I AM: Romania
Sighetu Marmaţiei, a small city with a population of 45,000 in northern Transylvania near the Ukraine border, was the site for I AM: Romania. Here, an orphanage, more akin to a foster center, is home to more than one hundred children ranging from toddlers to adolescents to children with disabilities. Sponsored and directed by SOS Bambini ONLUS, an Italian non-profit organization that aims to improve the living conditions of children from birth through adolescence, the center has made great strides since 2004, when president, Silvia Scialpi, committed to offering long-term, comprehensive support.
Because the orphanage addresses emergency situations, houses abandoned children and single mothers, and cares for victims of abuse, it was necessary to preserve the participants’ physical identities by avoiding facial photographs. What initially seemed like a hurdle in the project actually became a creative challenge, the outcome revealing, perhaps, even deeper stories told through posture and movement. Hands, feet, and shadows became the vehicles for expression and the subjects of the self-portrait images.
Twenty children between the ages of four and fourteen participated in the three-day workshop. Using photography as a tool to capture moments of expressive play, ‘screen stages’ were designed to isolate hands and feet, and a larger, back-lit screen provided a space to create silhouettes and shadows. Through a variety of artistic processes, sensory experiences and media, an opportunity was created for each child to recognize the beauty and importance of his/her own form.
Also unique to this project was the presence of Child & Adolescent Neuropsychiatrist, Dr. Aleksandra Matakovic-Manca, and Art Therapist, Simona Camisani. Dr. Matakovic-Manca had the task of performing clinical evaluations of select residents while helping to educate the social and health-care workers who interact with the children on a daily basis. Simona Camisani led a five-day art therapy workshop centered around the notion of identity with a group of adolescents and a separate group of staff members. Working in close proximity to one another, it was evident that we filled different, yet important, needs of the children.
Success of the I AM: projects lie not in their aim of ‘treatment’, but rather in their ability to create a set of immediate experiences: an insular time and space dedicated to individualized recognition, spontaneous expression, and authentic play. Each hand, foot, and shadow photograph tells a story of the past but was conceived in an impromptu moment. Brought into a contemporary art context, the photographs present an interesting convergence between social relations and art therapy, authorship and intent, health and illness, and contemporary art and its processes.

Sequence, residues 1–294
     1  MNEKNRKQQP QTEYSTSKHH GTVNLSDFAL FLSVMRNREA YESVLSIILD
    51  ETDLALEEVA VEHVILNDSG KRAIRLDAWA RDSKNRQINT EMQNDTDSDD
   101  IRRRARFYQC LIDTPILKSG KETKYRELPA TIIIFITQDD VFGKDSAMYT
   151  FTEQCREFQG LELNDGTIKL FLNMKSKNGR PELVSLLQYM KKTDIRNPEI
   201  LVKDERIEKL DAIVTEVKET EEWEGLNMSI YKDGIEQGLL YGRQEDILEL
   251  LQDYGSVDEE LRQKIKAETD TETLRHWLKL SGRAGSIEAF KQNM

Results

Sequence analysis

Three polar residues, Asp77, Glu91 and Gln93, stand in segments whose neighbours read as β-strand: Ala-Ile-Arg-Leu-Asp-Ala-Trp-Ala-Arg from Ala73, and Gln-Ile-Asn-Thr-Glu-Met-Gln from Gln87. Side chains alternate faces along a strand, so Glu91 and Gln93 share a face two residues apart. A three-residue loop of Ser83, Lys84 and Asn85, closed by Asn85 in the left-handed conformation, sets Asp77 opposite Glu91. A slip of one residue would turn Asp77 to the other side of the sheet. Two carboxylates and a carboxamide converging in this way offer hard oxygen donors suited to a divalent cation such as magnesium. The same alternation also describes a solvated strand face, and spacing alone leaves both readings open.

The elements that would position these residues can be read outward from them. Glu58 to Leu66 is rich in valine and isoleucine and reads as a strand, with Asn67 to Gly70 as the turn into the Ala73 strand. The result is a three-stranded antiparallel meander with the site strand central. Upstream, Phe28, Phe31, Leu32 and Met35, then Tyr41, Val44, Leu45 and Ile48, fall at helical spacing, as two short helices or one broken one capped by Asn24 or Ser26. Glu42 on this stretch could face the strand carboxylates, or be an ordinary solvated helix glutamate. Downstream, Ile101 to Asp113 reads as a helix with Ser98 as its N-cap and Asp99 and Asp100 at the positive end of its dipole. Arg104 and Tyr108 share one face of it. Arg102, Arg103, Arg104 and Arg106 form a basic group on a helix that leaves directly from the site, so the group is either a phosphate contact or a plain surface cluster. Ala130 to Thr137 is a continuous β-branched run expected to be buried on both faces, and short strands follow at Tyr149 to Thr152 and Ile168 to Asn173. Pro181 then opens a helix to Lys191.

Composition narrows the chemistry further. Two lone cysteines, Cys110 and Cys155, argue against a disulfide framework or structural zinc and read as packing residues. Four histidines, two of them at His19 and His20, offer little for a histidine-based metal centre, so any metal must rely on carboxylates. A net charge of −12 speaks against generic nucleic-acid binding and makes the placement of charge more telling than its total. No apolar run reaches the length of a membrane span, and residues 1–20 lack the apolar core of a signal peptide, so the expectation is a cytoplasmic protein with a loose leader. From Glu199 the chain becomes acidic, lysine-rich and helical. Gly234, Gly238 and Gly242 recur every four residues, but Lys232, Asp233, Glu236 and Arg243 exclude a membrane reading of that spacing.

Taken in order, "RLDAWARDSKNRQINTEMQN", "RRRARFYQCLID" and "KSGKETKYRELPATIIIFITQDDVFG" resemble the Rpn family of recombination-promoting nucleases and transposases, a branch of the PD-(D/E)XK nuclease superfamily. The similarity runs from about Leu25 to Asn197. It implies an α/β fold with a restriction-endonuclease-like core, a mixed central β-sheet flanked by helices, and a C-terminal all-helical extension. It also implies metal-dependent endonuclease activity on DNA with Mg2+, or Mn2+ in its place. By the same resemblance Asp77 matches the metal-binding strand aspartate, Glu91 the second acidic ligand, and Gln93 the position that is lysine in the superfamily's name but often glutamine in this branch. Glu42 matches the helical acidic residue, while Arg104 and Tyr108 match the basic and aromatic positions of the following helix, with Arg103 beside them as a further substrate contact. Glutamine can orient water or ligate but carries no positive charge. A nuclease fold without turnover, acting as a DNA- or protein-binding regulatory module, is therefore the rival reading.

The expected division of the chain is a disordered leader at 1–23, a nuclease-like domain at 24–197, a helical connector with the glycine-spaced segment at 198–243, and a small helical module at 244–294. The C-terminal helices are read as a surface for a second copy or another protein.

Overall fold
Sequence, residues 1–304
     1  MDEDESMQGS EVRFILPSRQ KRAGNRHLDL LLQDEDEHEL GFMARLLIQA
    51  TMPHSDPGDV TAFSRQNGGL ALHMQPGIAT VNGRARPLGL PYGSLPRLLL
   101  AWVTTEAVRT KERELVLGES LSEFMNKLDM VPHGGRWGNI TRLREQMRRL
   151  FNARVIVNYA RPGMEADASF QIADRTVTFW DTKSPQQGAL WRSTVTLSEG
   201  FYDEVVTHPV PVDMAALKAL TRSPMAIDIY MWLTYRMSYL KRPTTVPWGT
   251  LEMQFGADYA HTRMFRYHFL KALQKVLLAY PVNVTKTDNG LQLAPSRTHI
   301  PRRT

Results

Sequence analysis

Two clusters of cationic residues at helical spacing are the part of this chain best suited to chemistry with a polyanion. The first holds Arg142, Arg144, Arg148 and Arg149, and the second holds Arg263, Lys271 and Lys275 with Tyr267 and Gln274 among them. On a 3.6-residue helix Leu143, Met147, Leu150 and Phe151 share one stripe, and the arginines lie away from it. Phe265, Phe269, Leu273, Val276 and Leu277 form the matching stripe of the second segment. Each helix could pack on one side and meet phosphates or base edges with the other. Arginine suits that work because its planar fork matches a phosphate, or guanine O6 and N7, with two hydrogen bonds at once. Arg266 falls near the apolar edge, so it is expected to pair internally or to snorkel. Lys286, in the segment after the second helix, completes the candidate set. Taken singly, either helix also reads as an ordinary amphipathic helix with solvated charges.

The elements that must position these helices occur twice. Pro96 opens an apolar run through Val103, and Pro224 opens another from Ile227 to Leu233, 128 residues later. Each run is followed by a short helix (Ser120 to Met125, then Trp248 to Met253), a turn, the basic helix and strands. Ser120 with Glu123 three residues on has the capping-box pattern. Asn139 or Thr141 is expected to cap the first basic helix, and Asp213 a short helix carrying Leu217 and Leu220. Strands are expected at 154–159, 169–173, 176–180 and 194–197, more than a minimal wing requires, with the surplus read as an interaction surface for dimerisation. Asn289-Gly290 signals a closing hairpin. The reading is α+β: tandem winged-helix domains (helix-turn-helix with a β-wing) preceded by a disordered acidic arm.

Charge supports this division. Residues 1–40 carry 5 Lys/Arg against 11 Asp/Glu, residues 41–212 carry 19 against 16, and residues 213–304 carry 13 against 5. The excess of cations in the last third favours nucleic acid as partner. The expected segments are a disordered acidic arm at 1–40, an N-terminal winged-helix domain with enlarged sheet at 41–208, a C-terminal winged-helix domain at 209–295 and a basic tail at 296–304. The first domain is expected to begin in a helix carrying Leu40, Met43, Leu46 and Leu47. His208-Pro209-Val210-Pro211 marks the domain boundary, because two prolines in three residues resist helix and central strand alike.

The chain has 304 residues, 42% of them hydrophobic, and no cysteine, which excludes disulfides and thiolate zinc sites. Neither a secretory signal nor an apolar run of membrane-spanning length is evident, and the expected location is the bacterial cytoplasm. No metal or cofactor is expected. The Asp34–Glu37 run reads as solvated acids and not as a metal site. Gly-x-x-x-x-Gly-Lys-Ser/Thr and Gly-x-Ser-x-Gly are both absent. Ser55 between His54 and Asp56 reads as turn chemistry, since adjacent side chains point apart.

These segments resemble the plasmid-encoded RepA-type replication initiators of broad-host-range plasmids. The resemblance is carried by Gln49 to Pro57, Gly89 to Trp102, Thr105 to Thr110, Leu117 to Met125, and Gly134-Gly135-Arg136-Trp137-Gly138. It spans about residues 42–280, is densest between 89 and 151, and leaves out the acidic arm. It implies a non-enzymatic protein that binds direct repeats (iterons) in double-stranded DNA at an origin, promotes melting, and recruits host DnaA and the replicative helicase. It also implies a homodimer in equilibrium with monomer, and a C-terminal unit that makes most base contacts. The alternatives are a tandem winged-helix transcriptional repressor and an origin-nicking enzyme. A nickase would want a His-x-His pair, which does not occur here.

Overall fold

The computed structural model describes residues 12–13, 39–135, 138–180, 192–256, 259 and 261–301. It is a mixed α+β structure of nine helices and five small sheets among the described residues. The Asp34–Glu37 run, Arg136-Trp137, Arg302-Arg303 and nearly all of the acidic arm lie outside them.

An exhibition of the work opened on November 17th at Viafarini gallery in Milan, Italy. A round-table discussion with Sasha Sicurella (I AM: International Foundation), Pasquale Campanella (Wurmkos), Aleksandra Matakovic-Manca (Child & Adolescent Neuropsychiatrist), and Simona Camisani (Art Therapist) preceded the opening reception. Pane Arte e Marmellata, a non-profit group who promotes the interaction of children and families with contemporary art, collaborated with Sasha Sicurella to create a hands-on art workshop for forty elementary school children based on the works in the exhibit.
“I AM: Italy / I AM: Romania” Exhibit:
Larger-than-life photographs of children’s hands and feet deliver unyielding narratives – each a part unveiled, part secret story of moments leading up to now. Shadow images, one akin to a film-strip sequence, the other a broadly hung curtain, achieve layered meaning through the tone-on-tone silhouette effect that appears in each figure. Two small children engage in playful movement, freeze-frames revealing selves within selves. Hauntingly magnified, a seated girl raises a finger as if she has something to say, the curtain both a shroud for protection and podium for expression. These works propose to transcend the notion of censorship by embracing and reconfiguring imposed limitations on the subject. Through scale, magnification, lighting, and theatrical applications, the images convey presence of character and command attention even though ‘identity’, in its traditional sense, remains anonymous.